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Unplugging the Next Big Thing

by ROBERT BRYCE

On Wednesday, President Obama traveled to Indiana to announce the recipients of $2.4 billion in federal stimulus money designed to help energize the US battery manufacturing and research business. Obama said the grants are “planting the seeds of progress for our country, and good-paying, private-sector jobs for the American people.” He went on, saying that they would help in the “deployment of the next generation of clean-energy vehicles.” Obama may be right. The next generation of vehicles may be the Next Big Thing.

Then again, the next generation of all-electric vehicles may be just like the last five generations of all-electric vehicles: the Next Big Flop.

It’s not fashionable to question the future of electric cars. They have many positive attributes: lower fuel costs, no air pollutants, and good acceleration. And the people who are promoting electric cars are being lionized in the press. Consider the case of Shai Agassi, the founder of an electric car company called Better Place. In July 2008, Thomas Friedman, the hype-loving columnist at the New York Times, called Agassi “the Jewish Henry Ford” who was launching “an energy revolution” that would end the world’s “oil addiction.” A few weeks later, Wired wrote a laudatory article on Agassi, which said that the entrepreneur had lined up $200 million in funding in his effort to launch “the fifth-largest startup of all time in less than a year.” It went on saying that “everyone who meets him already believes he can see the future.”

In May 2009, Time magazine declared that Agassi was going to “help the world end its addiction to oil by transforming cars from their climate-changing, lung-polluting, gas-guzzling design to one that’s clean, affordable and all-electric.” (The glowing article was written by a venture capitalist who had invested in Agassi’s company.) All of that fantastic press, and yet only one or two of the stories bothered to mention the size of Agassi’s electric car fleet, which consisted of exactly one prototype. Beyond that, Agassi’s company had no charging stations and no customers.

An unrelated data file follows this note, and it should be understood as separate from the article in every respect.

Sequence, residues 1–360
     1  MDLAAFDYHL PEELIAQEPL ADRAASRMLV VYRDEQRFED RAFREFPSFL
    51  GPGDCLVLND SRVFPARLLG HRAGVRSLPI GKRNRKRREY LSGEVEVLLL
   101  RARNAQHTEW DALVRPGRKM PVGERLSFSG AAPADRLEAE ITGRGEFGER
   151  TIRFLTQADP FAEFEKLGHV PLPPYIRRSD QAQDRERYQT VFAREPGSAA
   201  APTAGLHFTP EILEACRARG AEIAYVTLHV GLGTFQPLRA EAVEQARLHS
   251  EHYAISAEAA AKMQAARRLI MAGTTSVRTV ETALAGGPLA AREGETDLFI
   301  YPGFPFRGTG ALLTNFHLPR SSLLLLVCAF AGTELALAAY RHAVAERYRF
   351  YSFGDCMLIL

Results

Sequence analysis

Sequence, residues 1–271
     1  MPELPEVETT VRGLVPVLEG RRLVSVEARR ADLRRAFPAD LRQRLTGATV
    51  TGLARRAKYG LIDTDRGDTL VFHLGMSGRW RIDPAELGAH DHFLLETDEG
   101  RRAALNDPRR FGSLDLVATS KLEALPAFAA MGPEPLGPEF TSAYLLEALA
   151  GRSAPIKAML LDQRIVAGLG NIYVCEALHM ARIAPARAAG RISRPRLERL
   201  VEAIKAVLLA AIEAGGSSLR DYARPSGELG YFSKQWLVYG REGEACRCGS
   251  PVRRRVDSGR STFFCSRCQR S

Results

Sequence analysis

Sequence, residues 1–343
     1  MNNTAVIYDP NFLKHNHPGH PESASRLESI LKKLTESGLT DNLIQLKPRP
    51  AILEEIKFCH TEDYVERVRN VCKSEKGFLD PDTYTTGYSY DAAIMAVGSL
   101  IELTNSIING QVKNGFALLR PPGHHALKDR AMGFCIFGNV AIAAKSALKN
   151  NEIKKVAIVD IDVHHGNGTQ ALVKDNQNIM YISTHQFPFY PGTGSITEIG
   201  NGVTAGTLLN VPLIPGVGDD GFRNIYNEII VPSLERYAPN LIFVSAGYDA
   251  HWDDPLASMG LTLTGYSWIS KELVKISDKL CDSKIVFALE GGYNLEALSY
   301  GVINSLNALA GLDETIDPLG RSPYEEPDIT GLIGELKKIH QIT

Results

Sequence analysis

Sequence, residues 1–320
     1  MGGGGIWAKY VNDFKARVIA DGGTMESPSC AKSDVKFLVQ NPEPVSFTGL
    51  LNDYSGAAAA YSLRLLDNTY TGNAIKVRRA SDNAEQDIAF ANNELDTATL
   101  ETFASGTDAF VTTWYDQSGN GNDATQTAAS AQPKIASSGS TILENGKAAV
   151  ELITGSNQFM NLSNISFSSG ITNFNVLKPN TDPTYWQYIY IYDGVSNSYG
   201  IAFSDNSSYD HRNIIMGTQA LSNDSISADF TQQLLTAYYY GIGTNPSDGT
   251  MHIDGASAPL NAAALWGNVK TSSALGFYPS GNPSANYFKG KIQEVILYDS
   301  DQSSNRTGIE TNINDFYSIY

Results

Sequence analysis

The hype around Agassi was hardly unique. Two other startup car companies — Tesla Motors and Fisker Automotive – have been getting similar treatment. And while Better Place won’t say how much it will charge customers, Tesla and Fisker are both planning vehicles that will only be affordable by the wealthy. The all-electric Tesla Roadster retails for $98,000 and the plug-in hybrid-electric car being sold by Fisker, called the Karma, sells for $87,500. Despite that price, Newsweek declared that the Karma, a high-performance sports car, “will get 100 miles per gallon – and those who rarely travel more than 50 miles at a time will do even better.”

Before going further, let me be clear that I am not disparaging hybrid-electric vehicles like the Toyota Prius, Honda Insight, and Ford Fusion hybrid. There is no question that the technologies behind those vehicles and others like them is durable, reliable, and functional. For those reasons, as well as their relative affordability, hybrid-electric drive cars, that is, the cars that don’t come with an extension cord, are here to stay. And in the coming years, they will claim an increasing share of the automotive market.

But in the current craze, hybrid-electric vehicles are almost viewed as stodgy. The sex, the sizzle, is in all-electric vehicles. Thus, within the next year or two, General Motors, Ford, Chrysler, and Nissan are all planning to introduce electric cars. By 2020, Nissan expects 10 percent of the vehicles it produces to be all-electric. In early 2009, a company official said that it sees “electrification of the transportation sector as our highest priority.” It hopes to produce an all-electric car that has a 100-mile range and will be functionally similar to conventional vehicles that sell for about the same amount of money. And earlier this month, Nissan announced that it would introduce an all-electric vehicle, the Leaf, which the company says will have a 100-mile range and cost $30,000. Nissan expects to start selling the car in the US in late 2010.

Sorry, but call me a skeptic. The history of the car business is littered with plans for electric cars. In 1911, the New York Times declared that the electric car “has long been recognized as the ideal solution” because it “is cleaner and quieter” and “much more economical” that gasoline-fueled cars.

The problem today, is the same as it was in 1911: the energy density of batteries. Here’s my prediction: without a huge increase in the energy density of batteries, and by huge increase, I’m talking two or three orders of magnitude, all-electric cars will be a small bit player – if that – in the global car business.

ROBERT BRYCE’s latest book is Gusher of Lies: The Dangerous Delusions of “Energy Independence” which just came out in paperback.

 

 

 

 

 

 

 

 

 

 

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